Fridays at the online writing group I belong to are set aside for writing flash fiction. Every Friday at 9 a.m. a writing challenge is posted on the Flash Friday blog for Shenandoah Valley Writers, and participants have twelve hours to come up with something before the deadline at 9 p.m. Then the judging begins.
Last Friday was the first time I participated. I have known for a while what flash fiction is, though I never tried writing it, except for a six word story one time. Last week’s challenge was to write a 50-word story based on an uncaptioned photo of astronaut Buzz Aldrin’s foot taking one small step for man. In the moment when I viewed it on my Droid Razr in a darkened parking lot outside my office building before heading home from work, I did not recognize the photo. To me it looked like someone in hiking boots stepping into mud.
Flash fiction, I learned somewhere, can be anywhere from six words to thousands. There are even flash novels out there somewhere. What binds all these stories together in their own genre, however, is that they are succinct; they are brief. Every sentence, every word even, is important. Flash fiction doesn’t contain long paragraphs of description simply for the beauty of writing. Not that there’s anything wrong with such paragraphs, in other books. That’s just not what flash fiction is.
So I drove home last Friday, recording ideas for my flash fiction into the digital recorder I use for work, and when I stopped at Martins for groceries, I jotted down ideas into paragraph form. I was racing the clock by that point. By 9 p.m., my entry had to be posted in the comments section of the SVW Flash Friday blog, and it then was nearing 8 p.m.
At home, though, the writing went quickly, and by 8:20 or so I had a finished version. It was pretty good, I thought, and I even dared to think it great. I had read over the six or seven entries to the previous week’s contest and thought my 50-word story easily a contender to be this week’s winner. On my first try, I’d produced a masterpiece — one giant leap for writerkind. And I patted myself on the back for being someone who scores a hundred percent without even studying…much.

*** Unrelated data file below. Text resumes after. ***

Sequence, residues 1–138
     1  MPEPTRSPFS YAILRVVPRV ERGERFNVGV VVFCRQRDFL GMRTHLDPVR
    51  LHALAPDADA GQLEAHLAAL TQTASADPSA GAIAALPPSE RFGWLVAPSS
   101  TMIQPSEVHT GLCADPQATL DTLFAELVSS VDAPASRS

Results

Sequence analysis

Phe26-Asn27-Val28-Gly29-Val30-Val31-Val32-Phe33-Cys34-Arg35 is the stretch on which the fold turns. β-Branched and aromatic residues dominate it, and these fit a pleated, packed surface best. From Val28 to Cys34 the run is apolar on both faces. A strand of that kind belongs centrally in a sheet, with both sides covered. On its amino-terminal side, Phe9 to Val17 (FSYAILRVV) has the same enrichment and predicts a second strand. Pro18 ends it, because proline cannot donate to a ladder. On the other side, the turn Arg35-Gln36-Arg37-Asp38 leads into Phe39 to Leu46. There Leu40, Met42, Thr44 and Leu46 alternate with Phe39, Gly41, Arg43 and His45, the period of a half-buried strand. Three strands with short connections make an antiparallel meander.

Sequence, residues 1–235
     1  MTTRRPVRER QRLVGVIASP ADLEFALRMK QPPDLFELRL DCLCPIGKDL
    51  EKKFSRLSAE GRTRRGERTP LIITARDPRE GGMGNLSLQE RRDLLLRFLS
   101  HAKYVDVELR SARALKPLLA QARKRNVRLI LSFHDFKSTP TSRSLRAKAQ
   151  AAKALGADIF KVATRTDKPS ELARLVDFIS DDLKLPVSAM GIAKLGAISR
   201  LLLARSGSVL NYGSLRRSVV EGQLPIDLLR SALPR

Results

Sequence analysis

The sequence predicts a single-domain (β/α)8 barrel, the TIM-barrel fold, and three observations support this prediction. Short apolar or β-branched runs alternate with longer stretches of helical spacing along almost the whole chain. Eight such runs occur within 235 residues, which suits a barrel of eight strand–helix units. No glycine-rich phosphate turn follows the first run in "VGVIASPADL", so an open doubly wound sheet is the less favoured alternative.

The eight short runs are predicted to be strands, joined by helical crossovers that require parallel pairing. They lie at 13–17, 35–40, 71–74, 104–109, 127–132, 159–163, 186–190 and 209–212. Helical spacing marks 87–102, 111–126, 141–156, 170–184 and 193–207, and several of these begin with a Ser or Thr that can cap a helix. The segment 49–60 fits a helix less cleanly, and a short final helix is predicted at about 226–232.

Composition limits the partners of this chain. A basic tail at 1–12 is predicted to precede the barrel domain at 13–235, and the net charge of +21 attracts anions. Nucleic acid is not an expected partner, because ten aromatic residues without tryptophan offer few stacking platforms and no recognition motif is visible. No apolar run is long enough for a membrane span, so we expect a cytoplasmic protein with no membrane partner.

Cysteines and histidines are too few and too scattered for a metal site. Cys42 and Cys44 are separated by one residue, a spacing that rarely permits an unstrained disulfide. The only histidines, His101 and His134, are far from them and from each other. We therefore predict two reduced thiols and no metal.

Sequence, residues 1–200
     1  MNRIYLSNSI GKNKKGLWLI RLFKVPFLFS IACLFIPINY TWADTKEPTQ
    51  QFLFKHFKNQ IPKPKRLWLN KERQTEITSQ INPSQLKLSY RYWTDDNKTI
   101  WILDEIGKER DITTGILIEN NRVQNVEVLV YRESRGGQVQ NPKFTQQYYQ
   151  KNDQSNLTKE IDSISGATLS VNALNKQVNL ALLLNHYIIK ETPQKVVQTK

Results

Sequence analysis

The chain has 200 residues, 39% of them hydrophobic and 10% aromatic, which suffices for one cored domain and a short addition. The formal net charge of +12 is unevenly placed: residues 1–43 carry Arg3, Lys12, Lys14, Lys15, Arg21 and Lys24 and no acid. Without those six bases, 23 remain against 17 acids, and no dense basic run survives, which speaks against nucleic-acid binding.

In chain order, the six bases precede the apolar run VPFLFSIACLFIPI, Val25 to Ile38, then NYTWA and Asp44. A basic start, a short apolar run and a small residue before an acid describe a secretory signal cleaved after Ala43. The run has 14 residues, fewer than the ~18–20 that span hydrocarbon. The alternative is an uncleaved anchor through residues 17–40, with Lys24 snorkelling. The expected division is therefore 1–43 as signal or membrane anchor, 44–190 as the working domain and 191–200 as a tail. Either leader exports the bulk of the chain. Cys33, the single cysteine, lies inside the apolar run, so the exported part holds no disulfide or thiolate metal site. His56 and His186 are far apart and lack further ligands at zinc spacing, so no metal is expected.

Then I saw how many other people entered the contest. I’ll give you a hint: It wasn’t six. There were twenty-one entries, plus one by the moderator herself. Not only did I not win, I wasn’t even one of the two runners up. Suddenly, my story seemed a lot more like sixty percent.
I’m sure my story is fine for what it is, a first try, but I definitely learned a lesson in humility Saturday after I read over all the other entries, most of which did use a theme of space exploration, whereas mine was about mud. When the results came out, I wasn’t much surprised. Sad, maybe, but also encouraged. It was my first try. That’s why there’s practice.
Read on for my flash fiction:
(Photo credit: NASA, I suppose? Found through Google)
Mud. I’ve embraced the name. I’m more like mud than they realized. It’s squishy; it won’t be brushed aside like dust. When someone steps on it, it leaves an impression. It also sticks to shoes. They don’t know they take it along with them. Unlike dust, mud has a life.